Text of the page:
In reality they all lived in a kind of hieroglyphic world, where the real thing was never said or done or even thought, but only represented by a set of arbitrary signs.
Edith Wharton’s The Age of Innocence is a compelling look at the mores of the upper class in 1800’s New York City and particularly how such mores dictate and limit lives, particularly women’s. The story follows upper class Newland Archer, who is torn between his demure and incurious fiancée and the independent and worldly-wise Countess Olenska. Countess Olenska has fled Europe, leaving her brutish husband behind. She comes to New York to establish a new life, including trying to secure a divorce, and her autonomy, tendency to speak frankly, and refusal to comply with empty social niceties enchants Archer, even as he is initially wary of her.
Olenska and Archer’s world is a restricted one. Conversations are superficial and people are expected to abide by myriad social expectations. Women’s behavior is highly regulated, even in such minor matters as refraining from crossing the room at a gathering to speak with others. Olenska defies any attempt to curtail her freedom, speaking as she wishes, going out to any gathering she is interested in, and refusing to return to her husband, even under great social pressure.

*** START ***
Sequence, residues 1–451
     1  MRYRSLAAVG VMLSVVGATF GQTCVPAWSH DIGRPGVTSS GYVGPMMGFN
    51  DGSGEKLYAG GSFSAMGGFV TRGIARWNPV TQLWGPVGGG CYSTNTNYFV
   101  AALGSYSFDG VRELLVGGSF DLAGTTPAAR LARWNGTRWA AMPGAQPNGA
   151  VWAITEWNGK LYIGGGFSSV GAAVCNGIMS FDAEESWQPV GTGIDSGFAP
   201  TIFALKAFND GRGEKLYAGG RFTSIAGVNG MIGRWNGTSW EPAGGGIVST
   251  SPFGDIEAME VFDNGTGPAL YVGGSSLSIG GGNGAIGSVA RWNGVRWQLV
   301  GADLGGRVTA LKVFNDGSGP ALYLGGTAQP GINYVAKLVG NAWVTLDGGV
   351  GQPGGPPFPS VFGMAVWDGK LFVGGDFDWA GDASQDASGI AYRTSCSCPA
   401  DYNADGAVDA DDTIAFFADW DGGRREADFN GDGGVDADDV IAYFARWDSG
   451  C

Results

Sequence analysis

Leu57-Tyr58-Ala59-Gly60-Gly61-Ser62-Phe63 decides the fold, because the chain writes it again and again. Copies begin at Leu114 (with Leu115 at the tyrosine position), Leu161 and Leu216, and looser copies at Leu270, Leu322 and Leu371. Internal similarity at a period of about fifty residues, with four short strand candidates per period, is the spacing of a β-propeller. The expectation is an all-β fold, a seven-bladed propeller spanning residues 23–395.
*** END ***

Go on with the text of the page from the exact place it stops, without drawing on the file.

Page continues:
Archer is a somewhat naïve romantic who is entranced with his new fiancée. However, as time goes by, he finds himself drawn to Countess Olenska. At first he is somewhat perturbed at Olenska’s flaunting of conventions, but in time he finds himself fascinated by her, and eventually they fall passionately in love. Olenska is a great contrast to his fiancée, whose emotional life he describes thusly: “It was wonderful, such depths of feeling could co-exist with such absence of imagination.”
Wharton sketches her characters with great skill and depth. Countess Olenska is a compelling figure, both independent and fragile. What starts as a character study of a mysterious woman evolves into an in-depth look at an intelligent, passionate woman at odds with a society that is stratified by class expectations. Archer first comes off as a bit foppish, but in his encounters with Olenska, he becomes increasingly critical of his class, and his enchantment with his ingenuous fiancée begins to wane. Initially he is somewhat bewildered by his own actions when it comes to Olenska, sending her lush roses after a only a few social encounters. He finds himself ever more drawn to her, and his traditional views of society start to change as he witnesses a woman who is attempting to live on her own terms.
I found Olenska to be a tragic, charismatic character who is also brave and defiant of her station. She is seen through Archer’s eyes, and as the veils fall he begins his own private rebellion against societal constraints. His passion for Olenska is both transformative and sad, as the forces against both of them are relentless and in Archer’s case, ultimately immovable. Towards of the end of the novel, Archer notes:
It was the old New York way of taking life ‘without effusion of blood’: the way of people who dreaded scandal more than disease, who placed decency above courage, and who considered that nothing was more ill-bred than ‘scenes,’ except the behavior of those who gave rise to them.